# otherwise we link the previous node to the current node
            else:
                node_prev.next = node_curr

            # then set the previous node to the current node for the next iteration
            node_prev = node_curr
            
class DoublyLinkedListNode(LinkedListNode):
    def __init__(self, val=None, prev=None, next=None):
        self.val = val
        self.prev=prev
        self.next=next

class DoublyLinkedList(LinkedList):

    def __init__(self, tail=None):
        self.tail=tail

    def populate_from_set(self, set_to_use: set):
        '''
        iteratively populate the doubly linked list from a set of values
        '''
        if len(set_to_use) == 0:
            raise ValueError('Cannot populate a doubly linked list from an empty set.')

        prev_node = None
        for set_i in range(len(set_to_use)):
            curr_node = DoublyLinkedListNode(val=set_to_use[set_i])    
            
            # if we are on the first element, we assign the head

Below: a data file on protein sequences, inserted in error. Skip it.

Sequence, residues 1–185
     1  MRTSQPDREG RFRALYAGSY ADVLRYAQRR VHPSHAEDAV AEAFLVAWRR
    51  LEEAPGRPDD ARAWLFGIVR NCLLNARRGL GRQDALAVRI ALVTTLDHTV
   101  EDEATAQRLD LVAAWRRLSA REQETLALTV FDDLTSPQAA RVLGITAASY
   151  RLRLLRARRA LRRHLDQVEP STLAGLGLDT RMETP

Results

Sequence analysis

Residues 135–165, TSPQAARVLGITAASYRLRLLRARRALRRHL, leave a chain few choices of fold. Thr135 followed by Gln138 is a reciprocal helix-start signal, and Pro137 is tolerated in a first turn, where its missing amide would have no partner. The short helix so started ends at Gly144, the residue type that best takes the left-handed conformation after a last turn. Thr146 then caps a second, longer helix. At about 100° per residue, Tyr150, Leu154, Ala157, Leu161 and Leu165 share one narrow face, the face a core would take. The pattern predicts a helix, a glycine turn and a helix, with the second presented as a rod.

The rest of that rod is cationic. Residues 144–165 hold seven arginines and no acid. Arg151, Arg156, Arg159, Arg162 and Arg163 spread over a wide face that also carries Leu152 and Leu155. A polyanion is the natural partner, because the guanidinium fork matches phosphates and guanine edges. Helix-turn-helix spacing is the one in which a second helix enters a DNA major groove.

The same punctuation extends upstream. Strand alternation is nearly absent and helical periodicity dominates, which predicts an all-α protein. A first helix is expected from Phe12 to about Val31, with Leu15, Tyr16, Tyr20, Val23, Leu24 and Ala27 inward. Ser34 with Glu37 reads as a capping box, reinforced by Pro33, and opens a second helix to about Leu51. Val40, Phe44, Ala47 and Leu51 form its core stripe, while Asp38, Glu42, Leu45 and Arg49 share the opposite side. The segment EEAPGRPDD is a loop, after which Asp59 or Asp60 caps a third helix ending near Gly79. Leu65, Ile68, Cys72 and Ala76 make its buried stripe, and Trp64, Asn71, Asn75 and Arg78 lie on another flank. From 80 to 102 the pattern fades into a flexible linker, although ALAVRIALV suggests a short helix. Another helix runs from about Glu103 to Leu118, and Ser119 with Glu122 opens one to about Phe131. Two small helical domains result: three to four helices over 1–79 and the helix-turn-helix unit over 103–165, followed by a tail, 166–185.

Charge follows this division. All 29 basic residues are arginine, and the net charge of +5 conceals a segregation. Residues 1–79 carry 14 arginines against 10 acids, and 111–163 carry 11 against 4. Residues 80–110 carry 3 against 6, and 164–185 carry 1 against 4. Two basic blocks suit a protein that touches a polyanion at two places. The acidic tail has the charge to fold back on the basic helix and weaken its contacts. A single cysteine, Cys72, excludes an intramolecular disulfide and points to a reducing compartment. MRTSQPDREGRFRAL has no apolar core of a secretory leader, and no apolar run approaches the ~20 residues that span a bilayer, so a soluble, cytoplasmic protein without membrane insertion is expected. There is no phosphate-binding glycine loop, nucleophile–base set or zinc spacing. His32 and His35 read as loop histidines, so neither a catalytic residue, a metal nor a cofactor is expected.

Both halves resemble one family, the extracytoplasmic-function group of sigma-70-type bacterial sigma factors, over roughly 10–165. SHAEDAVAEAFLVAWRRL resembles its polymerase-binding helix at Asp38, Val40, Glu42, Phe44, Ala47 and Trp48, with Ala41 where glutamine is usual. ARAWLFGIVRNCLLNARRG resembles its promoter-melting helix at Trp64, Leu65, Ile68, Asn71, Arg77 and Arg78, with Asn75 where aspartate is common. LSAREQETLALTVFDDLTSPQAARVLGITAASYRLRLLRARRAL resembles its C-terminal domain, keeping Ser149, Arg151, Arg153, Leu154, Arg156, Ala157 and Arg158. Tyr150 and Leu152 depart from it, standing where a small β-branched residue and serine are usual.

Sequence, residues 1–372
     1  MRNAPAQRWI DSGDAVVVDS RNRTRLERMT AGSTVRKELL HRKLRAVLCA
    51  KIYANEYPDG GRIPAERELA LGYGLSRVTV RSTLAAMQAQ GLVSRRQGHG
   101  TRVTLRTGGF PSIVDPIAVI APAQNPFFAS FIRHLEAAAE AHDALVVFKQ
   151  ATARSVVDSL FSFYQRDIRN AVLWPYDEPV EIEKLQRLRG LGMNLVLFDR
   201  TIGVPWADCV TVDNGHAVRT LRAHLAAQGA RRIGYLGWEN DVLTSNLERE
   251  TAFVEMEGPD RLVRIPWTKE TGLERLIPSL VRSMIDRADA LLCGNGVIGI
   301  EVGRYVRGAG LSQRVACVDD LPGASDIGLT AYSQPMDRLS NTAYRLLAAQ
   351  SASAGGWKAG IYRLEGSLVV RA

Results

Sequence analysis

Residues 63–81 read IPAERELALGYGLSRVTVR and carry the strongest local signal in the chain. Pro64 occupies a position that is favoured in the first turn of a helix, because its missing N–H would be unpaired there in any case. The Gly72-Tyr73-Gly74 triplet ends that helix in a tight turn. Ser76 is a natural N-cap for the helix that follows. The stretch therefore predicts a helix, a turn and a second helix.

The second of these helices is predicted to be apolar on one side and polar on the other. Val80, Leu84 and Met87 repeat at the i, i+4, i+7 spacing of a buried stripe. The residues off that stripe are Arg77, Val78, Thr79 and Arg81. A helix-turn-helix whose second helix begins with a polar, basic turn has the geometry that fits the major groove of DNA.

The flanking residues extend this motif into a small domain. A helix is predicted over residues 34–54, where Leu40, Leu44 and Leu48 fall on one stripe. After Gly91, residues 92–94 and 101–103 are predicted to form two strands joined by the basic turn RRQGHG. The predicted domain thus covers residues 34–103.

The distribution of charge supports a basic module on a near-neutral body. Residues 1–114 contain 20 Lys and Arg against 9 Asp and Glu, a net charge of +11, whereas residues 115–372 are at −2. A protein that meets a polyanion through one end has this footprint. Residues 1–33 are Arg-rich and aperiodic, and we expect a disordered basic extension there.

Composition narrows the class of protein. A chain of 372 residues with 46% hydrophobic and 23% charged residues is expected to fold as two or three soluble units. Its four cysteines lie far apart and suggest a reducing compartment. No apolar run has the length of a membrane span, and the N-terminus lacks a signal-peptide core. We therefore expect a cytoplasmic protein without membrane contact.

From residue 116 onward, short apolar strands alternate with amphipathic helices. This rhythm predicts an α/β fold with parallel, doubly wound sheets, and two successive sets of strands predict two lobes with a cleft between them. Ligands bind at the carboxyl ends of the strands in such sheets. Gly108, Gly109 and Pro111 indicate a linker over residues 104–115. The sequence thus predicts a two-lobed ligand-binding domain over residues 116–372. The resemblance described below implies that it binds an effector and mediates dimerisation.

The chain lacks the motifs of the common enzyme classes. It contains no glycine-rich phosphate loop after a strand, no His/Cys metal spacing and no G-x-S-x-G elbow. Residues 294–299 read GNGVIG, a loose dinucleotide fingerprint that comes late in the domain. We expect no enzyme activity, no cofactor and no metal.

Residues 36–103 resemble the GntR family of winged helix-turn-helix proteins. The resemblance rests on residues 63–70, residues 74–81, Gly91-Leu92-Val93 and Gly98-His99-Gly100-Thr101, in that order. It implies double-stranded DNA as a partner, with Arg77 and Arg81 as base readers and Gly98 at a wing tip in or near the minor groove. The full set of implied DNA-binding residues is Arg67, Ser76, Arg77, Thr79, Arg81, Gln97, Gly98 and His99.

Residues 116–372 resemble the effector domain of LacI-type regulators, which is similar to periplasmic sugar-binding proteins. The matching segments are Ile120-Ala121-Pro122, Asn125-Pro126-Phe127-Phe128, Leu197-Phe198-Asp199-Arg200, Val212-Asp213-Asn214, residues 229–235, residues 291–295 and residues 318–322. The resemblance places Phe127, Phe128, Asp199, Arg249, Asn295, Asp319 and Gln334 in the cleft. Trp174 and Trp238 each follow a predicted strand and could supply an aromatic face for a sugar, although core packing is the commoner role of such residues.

if set_i == 0:
                self.head = curr_node
            # otherwise we assign a next value to the previous and a 
            # previous to the current
            else:
                prev_node.next = curr_node
                curr_node.prev = prev_node

            # if we are on the last set element, we assign a tail value
            if set_i == len(set_to_use)-1:
                self.tail = curr_node

            prev_node = curr_node

    def print_in_reverse_order(self):
        '''
        print all linked list elements starting from the tail
        and walking along until you hit the head
        '''
        curr_node = self.tail
        print(curr_node.val)
        while curr_node.prev is not None:
            print(curr_node.prev.val)
            curr_node = curr_node.prev

def main():

    days = ('Mon', 'Tue', 'Wed', 'Thu', 'Fri', 'Sat', 'Sun')
    print('SINGLE:')
    sll = SinglyLinkedList()
    sll.populate_from_set(days)
    sll.print_in_order()

    print('\n\nDOUBLE:')
    dll = DoublyLinkedList()
    dll.populate_from_set(days)
    print('\n\nforward:')
    dll.print_in_order()
    print('\n\nreverse:')
    dll.print_in_reverse_order()

if __name__=='__main__':
    main()